Will we eat these chickens in two weeks? I really don't know. But I do know that I will not be raising them again, and I also know what I'll say next time someone asks me why I don't raise them.


Caroline in NH said...

I felt much the same way after raising these birds for 2 years in a row. Right now I have Chanticlers, and I'm hoping to hatch a bunch for myself and butcher the roosters. They are good layers, and the males are quite heavy-bodied. I'd put them up against CC any day in any category except the quick-growth factor. I've also been known to take in others' "spare roosters." I just tell them that if they don't really want to know what happens to them, don't ask. (I also make it clear that I'm available to show others how to butcher their own birds if they're interested.)

goatlady said...

Thats just not right.

EcoLife said...

I agree, it's fast food at a genetic level. Nothing should get to harvest size that fast. When we raise our own meat birds we won't be choosing CC's. Heritage breeds all the way!

Tammy said...

It's obscene. I eat very little chicken (or meat) these days, mostly because of things like this, and it also has no flavor. I'm not vegetarian (yet) but with things going the way they are, I will probably eventually be there. Anyway, raising animals so that they are crippled and dying or incapable of reproduction says some sad things about our society.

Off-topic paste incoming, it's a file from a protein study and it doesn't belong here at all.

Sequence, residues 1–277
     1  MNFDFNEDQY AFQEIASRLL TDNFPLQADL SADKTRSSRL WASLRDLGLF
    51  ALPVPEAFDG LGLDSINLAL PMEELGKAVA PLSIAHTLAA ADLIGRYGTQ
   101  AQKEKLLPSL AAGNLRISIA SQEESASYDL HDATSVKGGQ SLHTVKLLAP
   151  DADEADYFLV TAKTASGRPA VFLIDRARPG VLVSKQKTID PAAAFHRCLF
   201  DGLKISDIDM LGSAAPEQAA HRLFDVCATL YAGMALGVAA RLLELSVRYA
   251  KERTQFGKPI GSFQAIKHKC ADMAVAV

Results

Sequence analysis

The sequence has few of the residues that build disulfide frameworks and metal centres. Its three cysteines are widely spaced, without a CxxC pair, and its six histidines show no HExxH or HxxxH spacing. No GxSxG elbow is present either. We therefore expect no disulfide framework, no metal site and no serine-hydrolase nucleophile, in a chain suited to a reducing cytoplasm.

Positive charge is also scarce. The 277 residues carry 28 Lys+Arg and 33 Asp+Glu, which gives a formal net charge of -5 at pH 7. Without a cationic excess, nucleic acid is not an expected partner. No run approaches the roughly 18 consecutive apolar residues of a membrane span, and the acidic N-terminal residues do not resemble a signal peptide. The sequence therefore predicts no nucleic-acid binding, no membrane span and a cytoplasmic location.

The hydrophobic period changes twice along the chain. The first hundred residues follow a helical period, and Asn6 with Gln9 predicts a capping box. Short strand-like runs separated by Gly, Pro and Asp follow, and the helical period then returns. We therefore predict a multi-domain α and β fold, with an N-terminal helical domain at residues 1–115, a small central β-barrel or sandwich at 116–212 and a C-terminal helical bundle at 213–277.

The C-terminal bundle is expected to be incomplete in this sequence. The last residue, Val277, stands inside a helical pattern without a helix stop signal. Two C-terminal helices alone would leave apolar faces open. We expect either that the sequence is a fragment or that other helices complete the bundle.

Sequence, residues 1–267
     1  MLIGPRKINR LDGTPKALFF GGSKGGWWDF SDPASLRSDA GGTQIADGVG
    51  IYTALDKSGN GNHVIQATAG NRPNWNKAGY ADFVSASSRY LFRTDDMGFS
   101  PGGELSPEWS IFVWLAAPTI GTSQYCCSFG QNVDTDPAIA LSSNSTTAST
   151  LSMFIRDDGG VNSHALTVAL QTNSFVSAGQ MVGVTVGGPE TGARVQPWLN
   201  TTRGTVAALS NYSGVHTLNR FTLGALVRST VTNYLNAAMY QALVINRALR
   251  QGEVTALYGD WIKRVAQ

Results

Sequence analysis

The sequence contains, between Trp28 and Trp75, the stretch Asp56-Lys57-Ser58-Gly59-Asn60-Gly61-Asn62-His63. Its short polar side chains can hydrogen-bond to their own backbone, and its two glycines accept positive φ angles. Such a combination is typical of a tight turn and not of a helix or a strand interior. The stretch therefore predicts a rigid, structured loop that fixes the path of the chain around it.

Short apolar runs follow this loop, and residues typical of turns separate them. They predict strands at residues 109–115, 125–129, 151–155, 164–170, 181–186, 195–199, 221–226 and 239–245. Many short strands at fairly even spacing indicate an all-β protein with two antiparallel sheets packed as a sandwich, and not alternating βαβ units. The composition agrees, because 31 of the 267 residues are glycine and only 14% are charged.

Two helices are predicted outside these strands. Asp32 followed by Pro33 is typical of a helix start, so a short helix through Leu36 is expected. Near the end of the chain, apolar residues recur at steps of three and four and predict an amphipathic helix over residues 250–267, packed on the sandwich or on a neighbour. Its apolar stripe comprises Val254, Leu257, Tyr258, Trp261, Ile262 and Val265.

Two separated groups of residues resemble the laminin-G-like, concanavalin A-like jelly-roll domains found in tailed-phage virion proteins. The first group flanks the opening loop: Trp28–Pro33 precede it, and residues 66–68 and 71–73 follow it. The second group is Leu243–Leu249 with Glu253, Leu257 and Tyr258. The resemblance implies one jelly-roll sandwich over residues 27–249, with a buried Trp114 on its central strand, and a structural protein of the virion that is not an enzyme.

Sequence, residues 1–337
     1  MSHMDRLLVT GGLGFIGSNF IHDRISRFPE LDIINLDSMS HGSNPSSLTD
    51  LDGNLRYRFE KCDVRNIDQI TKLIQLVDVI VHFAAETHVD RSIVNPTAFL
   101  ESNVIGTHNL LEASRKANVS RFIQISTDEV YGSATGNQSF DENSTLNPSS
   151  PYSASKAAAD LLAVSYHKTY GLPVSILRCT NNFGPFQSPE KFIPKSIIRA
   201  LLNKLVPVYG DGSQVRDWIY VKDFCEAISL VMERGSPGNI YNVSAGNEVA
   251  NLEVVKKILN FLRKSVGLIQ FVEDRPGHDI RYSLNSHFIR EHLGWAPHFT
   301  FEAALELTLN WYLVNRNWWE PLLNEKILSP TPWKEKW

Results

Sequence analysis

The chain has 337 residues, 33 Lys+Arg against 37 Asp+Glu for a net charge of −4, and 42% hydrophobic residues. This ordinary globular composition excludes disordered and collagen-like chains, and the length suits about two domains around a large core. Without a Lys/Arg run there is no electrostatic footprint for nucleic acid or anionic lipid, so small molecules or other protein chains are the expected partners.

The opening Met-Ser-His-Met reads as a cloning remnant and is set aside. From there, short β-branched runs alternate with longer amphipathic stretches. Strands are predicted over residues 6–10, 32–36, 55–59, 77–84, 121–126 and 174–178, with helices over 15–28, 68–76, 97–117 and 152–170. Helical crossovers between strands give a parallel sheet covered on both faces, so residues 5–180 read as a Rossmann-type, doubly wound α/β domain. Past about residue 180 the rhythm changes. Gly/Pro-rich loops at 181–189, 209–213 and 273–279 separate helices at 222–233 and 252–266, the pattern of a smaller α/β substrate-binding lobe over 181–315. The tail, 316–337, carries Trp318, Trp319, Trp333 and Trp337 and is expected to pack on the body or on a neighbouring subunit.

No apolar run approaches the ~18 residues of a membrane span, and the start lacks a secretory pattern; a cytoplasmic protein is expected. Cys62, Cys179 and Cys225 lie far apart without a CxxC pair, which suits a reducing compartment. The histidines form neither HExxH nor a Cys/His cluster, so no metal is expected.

Michelle said...

That was very educational and eye-opening for me...and I'm more then a little grossed out at the moment! That's horrible.

Abiga/Karen said...

The more I read about all these things the more my regular store food turns my stomach and I don't want to eat it. We currently eat as healthy as we can but with a big household here and some people not convinced on every issue we still buy "bad" meat for the most part. Thanks for sharing this as I didn't think much about the issue of our health in eating the Cornish. So many things can be behind the poor health in our country. Hope you get Trouper's training going ok. Blessings.

Sparkless said...

Oh wow! I knew about the turkeys but I didn't know they did that to chickens too. I may end up a vegetarian yet!

Franna said...

We've raised Red Broilers and Poulet Rouge type chickens for the last two years. Much better flavor and flock health! The CC are just wrong.

Heidi Sloan said...

Wow. Just wow. We are getting a batch of Colored/Freedom Rangers in about a week and, after reading this, I'm sure glad we're starting with them. I wouldn't have thought to watch out for the chicks 'eating themselves to death.' I tend to think animals know what they're supposed to do better than we do, but I suppose that's not the case when we breed the sense out of them.

Spring Lake Farm said...

Yeah, it's just not natural (on so many levels)....